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date: 25 May 2024


  1. We make war that we may live in peace.
    Aristotle 384–322 bc Greek philosopher: Nicomachean Ethics bk. 10, 1177b 5–6 (tr. M. Ostwald); see Vegetius
  2. battle, n. A method of untying with the teeth a political knot that would not yield to the tongue.
    Ambrose Bierce 1842–c.1914 American writer: The Cynic's Word Book (1906)
  3. In war there is no second prize for the runner-up.
    Omar Bradley 1893–1981 American general: in Military Review February 1950
  4. War always finds a way.
    Bertolt Brecht 1898–1956 German dramatist: Mother Courage (1939)
  5. In war, whichever side may call itself the victor, there are no winners, but all are losers.
    Neville Chamberlain 1869–1940 British Conservative statesman, Prime Minister 1937–40: speech at Kettering, 3 July 1938, in Times 4 July 1938
  6. In war: resolution. In defeat: defiance. In victory: magnanimity. In peace: goodwill.
    Winston Churchill 1874–1965 British Conservative statesman, Prime Minister 1940–5, 1951–5: The Second World War vol. 1 (1948) epigraph, which according to Edward Marsh in A Number of People (1939), occurred to Churchill shortly after the conclusion of the First World War
  7. The sinews of war, unlimited money.
    Cicero (Marcus Tullius Cicero) 106–43 bc Roman orator and statesman: Fifth Philippic ch. 5
  8. Laws are silent in time of war.
    Cicero (Marcus Tullius Cicero) 106–43 bc Roman orator and statesman: Pro Milone ch. 11
  9. Everything is very simple in war, but the simplest thing is difficult. These difficulties accumulate and produce a friction which no man can imagine exactly who has not seen war.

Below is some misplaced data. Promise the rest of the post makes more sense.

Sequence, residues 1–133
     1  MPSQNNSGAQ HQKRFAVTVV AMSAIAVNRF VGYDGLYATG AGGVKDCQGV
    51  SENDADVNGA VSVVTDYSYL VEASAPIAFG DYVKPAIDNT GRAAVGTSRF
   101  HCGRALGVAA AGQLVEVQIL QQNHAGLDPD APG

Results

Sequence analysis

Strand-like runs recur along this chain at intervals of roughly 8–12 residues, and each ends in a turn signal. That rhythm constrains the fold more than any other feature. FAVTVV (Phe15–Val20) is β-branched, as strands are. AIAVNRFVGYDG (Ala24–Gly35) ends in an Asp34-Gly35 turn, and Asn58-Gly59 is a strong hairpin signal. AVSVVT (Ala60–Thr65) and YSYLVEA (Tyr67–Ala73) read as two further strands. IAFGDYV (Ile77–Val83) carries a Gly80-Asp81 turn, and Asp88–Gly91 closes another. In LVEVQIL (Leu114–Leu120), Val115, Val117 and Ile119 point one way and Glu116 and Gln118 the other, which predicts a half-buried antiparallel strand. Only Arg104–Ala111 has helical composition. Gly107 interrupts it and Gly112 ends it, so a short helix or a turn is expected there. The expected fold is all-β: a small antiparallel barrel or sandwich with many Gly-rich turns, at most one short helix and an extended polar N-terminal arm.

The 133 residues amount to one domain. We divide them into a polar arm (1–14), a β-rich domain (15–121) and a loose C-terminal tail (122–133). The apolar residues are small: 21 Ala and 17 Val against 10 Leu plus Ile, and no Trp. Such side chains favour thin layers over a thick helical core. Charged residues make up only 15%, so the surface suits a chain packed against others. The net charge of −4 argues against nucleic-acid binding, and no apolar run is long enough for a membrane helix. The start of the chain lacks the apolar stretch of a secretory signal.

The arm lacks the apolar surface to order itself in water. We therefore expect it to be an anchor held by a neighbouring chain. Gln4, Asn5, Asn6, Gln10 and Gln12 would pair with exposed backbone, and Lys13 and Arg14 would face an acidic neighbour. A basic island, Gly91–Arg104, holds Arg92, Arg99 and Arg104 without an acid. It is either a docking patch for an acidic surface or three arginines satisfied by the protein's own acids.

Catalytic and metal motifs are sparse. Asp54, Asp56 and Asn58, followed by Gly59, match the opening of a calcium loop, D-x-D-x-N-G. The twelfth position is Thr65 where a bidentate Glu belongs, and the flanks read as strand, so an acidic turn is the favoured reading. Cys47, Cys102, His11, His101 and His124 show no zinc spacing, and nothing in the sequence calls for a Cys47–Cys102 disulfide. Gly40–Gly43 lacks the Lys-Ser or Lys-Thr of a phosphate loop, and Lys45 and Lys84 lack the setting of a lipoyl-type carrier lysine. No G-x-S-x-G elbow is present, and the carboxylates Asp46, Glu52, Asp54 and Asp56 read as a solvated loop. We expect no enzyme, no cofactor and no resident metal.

Karl von Clausewitz 1780–1831 Prussian soldier and military theorist: On War (1832–4) bk. 1, ch. 7, tr. J. J. Graham
  10. War is nothing but a continuation of politics with the admixture of other means.
    commonly rendered as ‘War is the continuation of politics by other means’
    Karl von Clausewitz 1780–1831 Prussian soldier and military theorist: On War (1832–4) bk. 8, ch. 6, sect. B
  11. War is too serious a matter to entrust to military men.
    Georges Clemenceau 1841–1929 French statesman, Prime Minister of France 1906–9, 1917–20: attributed to Clemenceau, but also to Briand and Talleyrand; see de Gaulle
  12. Every gun that is made, every warship launched, every rocket fired signifies, in the final sense, a theft from those who hunger and are not fed, those who are cold and are not clothed. This world in arms is not spending money alone. It is spending the sweat of its labourers, the genius of its scientists, the hopes of its children.
    Dwight D. Eisenhower 1890–1969 American Republican statesman, 34th President 1953–61: speech in Washington, 16 April 1953, in Public Papers of Presidents 1953 (1960)